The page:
Sunday, November 19, 2006

Milton Friedman on Hong Kong (1998)

"According to the latest figures I have, per capita income in Hong Kong is almost identical with that in the United States.

That is close to incredible. Here we are—a country of 260 million people that stretches from sea to shining sea, with enormous resources, and a two-hundred-year background of more or less steady growth, supposedly the strongest and richest country in the world, and yet six million people living on a tiny spit of land with negligible resources manage to produce as high a per capita income. How come?"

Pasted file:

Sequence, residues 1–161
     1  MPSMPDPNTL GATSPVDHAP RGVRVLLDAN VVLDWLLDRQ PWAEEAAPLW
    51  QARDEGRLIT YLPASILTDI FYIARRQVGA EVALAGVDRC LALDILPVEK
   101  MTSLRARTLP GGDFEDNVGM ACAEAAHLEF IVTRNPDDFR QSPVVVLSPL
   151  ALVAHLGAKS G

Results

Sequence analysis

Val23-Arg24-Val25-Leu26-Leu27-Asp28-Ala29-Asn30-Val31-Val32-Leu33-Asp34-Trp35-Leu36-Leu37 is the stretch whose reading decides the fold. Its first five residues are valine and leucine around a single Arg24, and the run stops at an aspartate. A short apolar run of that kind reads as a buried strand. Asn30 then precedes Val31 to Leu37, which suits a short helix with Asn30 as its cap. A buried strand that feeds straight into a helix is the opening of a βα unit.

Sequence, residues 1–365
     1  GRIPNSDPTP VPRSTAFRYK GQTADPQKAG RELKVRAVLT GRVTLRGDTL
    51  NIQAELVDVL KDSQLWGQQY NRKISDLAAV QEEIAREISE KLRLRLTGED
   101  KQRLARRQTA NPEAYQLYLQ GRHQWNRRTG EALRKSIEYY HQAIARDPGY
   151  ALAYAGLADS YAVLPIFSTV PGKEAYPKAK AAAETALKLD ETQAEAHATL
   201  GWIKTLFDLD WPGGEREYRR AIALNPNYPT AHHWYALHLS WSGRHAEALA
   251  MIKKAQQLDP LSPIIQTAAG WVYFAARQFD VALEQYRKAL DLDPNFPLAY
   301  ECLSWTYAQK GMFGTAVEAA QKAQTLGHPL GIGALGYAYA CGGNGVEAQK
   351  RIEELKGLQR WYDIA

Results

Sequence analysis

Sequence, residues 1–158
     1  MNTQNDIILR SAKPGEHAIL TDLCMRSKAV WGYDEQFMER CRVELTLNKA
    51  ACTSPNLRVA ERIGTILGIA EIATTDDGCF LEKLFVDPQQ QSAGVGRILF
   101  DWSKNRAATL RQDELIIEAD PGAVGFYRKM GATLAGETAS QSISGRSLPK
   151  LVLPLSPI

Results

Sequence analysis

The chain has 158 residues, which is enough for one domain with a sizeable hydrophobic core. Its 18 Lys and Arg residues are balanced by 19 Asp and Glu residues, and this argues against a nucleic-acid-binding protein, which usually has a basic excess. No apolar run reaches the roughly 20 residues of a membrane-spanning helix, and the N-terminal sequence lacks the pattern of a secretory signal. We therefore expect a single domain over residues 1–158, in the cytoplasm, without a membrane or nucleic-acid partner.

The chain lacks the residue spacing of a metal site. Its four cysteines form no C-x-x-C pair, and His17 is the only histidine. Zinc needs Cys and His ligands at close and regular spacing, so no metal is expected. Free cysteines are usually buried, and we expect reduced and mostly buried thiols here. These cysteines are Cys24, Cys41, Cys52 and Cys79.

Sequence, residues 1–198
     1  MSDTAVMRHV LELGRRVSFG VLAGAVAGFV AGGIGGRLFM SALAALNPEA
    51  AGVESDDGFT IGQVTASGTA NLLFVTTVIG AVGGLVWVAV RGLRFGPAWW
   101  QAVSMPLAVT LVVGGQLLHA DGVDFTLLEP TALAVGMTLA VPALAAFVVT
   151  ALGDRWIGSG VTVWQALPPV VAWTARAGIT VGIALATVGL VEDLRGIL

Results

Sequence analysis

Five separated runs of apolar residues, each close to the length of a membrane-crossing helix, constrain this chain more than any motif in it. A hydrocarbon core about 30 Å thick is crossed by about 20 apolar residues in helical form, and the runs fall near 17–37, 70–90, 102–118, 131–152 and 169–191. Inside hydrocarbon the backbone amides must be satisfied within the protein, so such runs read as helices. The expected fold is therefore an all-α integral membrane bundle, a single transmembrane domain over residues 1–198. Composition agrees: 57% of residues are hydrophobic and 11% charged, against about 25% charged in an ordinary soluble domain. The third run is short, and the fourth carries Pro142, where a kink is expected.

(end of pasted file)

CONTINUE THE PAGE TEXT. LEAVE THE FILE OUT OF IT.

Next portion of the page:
The above is written by M.F. for the Hoover Digest back in 1998. Read the whole thing here.

With the HK government playing with the idea of introducing minimum wage, competition law and a host of other hand-out schemes, and formal abrogation of its long-held "positive non-intervention" economic philosophy, Friedman must be very upset and heart-broken when he wrote this shortly before his death.

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